Long Now building a new bar/coffee shop, raising money with long booze

Jeffrey 'Toast' McGrew sez, "The ever-amazing Long Now Foundation hired us to help them transform their somewhat-boring bookstore / gallery into an amazing library / event space / coffee & cocktails bar. But the really cool part is that they are selling bottles of fancy spirits to raise the money. Gin made from 5000 year old pine needles, from the clock site itself! Whiskey you'll get to taste over the next 15 years! It's crazy and we're honored to have been part of it, and thought y'all might want to know about it too."

St. George Spirits in Alameda has created two exclusive spirits for Long Now, each truly a distillation of long-term thinking. The first is an aromatic gin made with juniper berries harvested by hand among the 5,000-year-old bristlecones from our site in eastern Nevada.

The other spirit is a whiskey made from a tailored selection of grains, fermented and distilled in such a way that it will be delicious without aging, while growing more intricate and complex every year. We will bottle a small amount each year for the next 15 years, allowing you to taste its annual progression.

We invite you to help The Long Now Foundation build a new salon space... (Thanks, Jeffrey!)


  1. Sounds interesting, but there are some slight deviations from fact here.  Juniper berries from bristlecone pine groves are not 5,000 year old pine needles.  They’re the seeds of a completely different species.  

    1. The gin has *both* pine needles from the brislecones themselves and juniper berries from, well, wild juniper bushes in it. Both were hand-harvested from the clock site in eastern Nevada. It tastes (and smells!) like the mountain. We’ve gotten to taste the prototypes and it’s simply stunning.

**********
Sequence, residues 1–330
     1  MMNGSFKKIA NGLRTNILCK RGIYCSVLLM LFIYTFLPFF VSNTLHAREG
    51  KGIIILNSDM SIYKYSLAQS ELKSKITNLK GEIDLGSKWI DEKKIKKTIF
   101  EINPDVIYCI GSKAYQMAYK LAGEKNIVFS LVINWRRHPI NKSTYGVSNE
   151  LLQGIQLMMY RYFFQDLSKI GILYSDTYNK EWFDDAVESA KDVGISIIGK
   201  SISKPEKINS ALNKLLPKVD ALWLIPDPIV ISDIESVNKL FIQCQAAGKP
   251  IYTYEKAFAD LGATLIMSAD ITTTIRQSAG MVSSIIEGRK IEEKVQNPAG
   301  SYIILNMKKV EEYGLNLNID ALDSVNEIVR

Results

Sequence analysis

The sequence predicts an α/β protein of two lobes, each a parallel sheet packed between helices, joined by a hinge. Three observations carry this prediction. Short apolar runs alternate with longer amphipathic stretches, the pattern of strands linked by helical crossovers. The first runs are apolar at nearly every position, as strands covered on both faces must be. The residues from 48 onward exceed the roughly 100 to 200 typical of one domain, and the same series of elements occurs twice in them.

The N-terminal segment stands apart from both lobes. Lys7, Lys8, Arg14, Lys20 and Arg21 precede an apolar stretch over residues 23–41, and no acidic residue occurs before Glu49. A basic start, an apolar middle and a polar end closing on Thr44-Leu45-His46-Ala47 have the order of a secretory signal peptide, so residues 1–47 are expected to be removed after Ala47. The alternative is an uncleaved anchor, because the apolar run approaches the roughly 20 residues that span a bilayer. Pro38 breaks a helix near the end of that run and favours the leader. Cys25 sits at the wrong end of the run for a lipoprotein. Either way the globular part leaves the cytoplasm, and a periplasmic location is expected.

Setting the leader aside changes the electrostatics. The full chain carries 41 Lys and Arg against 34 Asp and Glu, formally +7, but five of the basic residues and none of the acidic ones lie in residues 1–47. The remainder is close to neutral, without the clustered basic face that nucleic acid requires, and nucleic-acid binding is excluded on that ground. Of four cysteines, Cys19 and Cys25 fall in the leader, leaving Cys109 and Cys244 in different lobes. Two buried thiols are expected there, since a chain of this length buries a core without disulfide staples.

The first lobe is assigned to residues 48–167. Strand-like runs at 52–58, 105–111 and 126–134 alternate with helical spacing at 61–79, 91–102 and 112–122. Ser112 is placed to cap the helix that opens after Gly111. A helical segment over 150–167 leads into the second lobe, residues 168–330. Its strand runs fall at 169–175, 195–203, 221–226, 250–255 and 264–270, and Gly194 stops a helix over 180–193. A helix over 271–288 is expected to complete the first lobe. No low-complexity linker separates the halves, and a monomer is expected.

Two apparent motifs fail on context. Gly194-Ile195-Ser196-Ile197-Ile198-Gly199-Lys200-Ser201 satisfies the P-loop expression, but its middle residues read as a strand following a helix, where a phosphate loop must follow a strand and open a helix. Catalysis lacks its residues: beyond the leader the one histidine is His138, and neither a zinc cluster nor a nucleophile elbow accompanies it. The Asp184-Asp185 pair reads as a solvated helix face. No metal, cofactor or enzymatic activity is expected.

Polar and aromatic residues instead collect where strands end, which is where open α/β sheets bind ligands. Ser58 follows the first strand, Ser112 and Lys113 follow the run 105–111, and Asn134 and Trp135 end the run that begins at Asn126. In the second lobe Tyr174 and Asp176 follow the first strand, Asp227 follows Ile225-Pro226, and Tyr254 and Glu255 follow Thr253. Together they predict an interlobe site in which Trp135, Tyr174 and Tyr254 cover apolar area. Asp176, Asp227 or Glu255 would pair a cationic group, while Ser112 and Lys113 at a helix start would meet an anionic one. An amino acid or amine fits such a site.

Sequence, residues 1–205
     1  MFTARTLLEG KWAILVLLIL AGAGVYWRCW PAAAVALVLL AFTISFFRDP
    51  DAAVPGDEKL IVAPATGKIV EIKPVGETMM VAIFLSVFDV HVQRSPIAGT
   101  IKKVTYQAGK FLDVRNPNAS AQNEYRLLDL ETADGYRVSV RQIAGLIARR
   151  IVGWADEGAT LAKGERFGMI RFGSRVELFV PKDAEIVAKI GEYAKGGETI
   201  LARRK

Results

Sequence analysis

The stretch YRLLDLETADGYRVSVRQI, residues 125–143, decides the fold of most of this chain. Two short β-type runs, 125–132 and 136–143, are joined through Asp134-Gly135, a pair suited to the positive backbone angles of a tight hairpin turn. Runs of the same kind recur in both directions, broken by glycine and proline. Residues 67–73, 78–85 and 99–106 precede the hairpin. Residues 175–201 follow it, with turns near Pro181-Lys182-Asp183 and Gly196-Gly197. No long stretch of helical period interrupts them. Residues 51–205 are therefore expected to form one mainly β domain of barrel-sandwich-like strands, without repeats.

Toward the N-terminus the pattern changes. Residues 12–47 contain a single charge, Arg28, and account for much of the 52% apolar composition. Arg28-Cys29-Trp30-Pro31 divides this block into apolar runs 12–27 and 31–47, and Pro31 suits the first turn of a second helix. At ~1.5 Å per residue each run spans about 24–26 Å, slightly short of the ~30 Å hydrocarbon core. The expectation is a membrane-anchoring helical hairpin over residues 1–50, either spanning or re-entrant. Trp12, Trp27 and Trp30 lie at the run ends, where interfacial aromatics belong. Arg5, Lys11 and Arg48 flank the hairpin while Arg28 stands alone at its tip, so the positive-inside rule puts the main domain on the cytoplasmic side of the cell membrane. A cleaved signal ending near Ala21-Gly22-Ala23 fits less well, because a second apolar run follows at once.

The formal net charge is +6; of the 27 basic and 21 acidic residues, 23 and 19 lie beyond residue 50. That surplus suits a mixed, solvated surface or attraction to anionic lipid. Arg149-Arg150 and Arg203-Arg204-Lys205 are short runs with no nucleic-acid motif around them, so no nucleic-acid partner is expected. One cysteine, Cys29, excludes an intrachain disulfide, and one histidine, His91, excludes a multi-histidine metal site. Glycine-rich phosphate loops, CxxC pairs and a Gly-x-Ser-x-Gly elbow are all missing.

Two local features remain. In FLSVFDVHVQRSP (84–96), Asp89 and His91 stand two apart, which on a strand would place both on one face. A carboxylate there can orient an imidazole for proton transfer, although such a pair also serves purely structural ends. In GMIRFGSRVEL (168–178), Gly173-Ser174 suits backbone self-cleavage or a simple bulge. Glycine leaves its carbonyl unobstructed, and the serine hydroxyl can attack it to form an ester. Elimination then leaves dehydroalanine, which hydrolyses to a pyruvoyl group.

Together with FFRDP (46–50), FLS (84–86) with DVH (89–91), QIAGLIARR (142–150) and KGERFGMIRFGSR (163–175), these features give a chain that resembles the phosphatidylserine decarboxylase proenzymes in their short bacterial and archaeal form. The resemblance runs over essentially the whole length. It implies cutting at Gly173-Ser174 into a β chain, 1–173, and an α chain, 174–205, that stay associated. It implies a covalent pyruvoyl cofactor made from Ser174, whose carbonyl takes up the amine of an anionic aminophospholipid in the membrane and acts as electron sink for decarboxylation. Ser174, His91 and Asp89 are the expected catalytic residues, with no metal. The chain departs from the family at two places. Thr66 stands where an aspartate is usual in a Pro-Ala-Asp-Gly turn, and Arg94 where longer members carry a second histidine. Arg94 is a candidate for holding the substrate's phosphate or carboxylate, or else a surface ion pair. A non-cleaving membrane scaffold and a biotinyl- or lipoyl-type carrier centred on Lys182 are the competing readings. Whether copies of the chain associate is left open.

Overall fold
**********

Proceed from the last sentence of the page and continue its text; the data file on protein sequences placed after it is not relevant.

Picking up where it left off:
It’s akin to another gin St. George made using nothing but botanicals from Mt. Tam. Really captures a particular place!

  2. Cool project.
    Also, I’d like to highly recommend to anyone in the Bay Area or anyone with some time to spend ’round the Alameda/Oakland area to get over to St. George’s Spirits out on the edge of the island on what was the Naval base.  Assuming you like booze.  :)

  3. While I don’t imbibe, I’ve always been fascinated with the craftsmanship of making these. It feels like a modern progression of alchemy in many ways. You’re turning ingredients into gold, in a manner of speaking.

  4. Good to see that the Long Now Foundation is now an avenue for conspicuous consumption. Because if there is one thing that matters in 10,000 years, it’s who got their name on a plaque for throwing a 1%er party.

    1. the irony is spectacular, with a hint of pine.
      I picture these once proud bottles sitting on a dusty shelf in a post apocalyptic san francisco wasteland. 

  5. Something tells me this isn’t going to be the kind of coffee shop you should stop by if you’re in a hurry.

    Customer: “Is that double cappuccino ready yet? It’s been almost 20 minutes and I’m late for work!”

    Barista: “Chill out, man. What’s one scant third of an hour compared to tens of thousands of years of recorded human history?”

  6. It’s “distilled in such a way that it will be delicious without aging?” Um… hm. That, uh… never mind.

    1. I love St. George Spirits, but I’ve had their unaged whiskey and I can assure you it needs aged. Barrel aging.

  7. Shit like this amazes me. Ya’ll have got it WAY too easy in your neck of the woods, at least in terms of raising money for goofy projects. Southern Illinois (look it up, we exist) has an independent community radio station that’s been on-air for over 15 years, and they can barely hit a 13K fundraiser twice a year, let alone raise 69 thousand dollars to pick berries and have a “salon.” You want to think of the future? Picture one in which everything outside of two urban centers, separated by thousands of miles, withers and dies, easy pickings for fear-mongering politicians and fundamentalist vultures. Imagine how it might have been prevented if a handful of people had simply looked up from their special engraved bottle of whiskey and noticed that– with a push, or a hand up– some act of culture and brightness might have gotten a toehold in these otherwise-forgotten places rather than being consigned to something others simply fly over. 

  8. WOW!  Magical juniper bush berries amidst the most ancient bristlecone pine grove!  I hope they let me pay them $400 a shot to taste this genius of a marketing plan!

  9. 10,000 years is nothing. If they’re not working on putting their own satellite in geostationary orbit I’m not interested.

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